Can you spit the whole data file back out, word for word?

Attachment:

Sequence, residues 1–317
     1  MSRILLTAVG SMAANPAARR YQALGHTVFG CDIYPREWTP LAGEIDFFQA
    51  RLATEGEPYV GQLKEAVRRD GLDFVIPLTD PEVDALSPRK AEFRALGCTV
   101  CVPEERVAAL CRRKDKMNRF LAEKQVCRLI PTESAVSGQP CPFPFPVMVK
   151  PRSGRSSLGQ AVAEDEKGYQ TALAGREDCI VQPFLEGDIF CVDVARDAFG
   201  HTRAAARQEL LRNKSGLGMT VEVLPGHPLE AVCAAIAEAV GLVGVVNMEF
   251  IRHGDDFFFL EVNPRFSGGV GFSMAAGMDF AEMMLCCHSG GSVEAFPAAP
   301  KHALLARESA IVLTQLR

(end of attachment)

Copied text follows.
Sequence, residues 1–317
     1  MSRILLTAVG SMAANPAARR YQALGHTVFG CDIYPREWTP LAGEIDFFQA
    51  RLATEGEPYV GQLKEAVRRD GLDFVIPLTD PEVDALSPRK AEFRALGCTV
   101  CVPEERVAAL CRRKDKMNRF LAEKQVCRLI PTESAVSGQP CPFPFPVMVK
   151  PRSGRSSLGQ AVAEDEKGYQ TALAGREDCI VQPFLEGDIF CVDVARDAFG
   201  HTRAAARQEL LRNKSGLGMT VEVLPGHPLE AVCAAIAEAV GLVGVVNMEF
   251  IRHGDDFFFL EVNPRFSGGV GFSMAAGMDF AEMMLCCHSG GSVEAFPAAP
   301  KHALLARESA IVLTQLR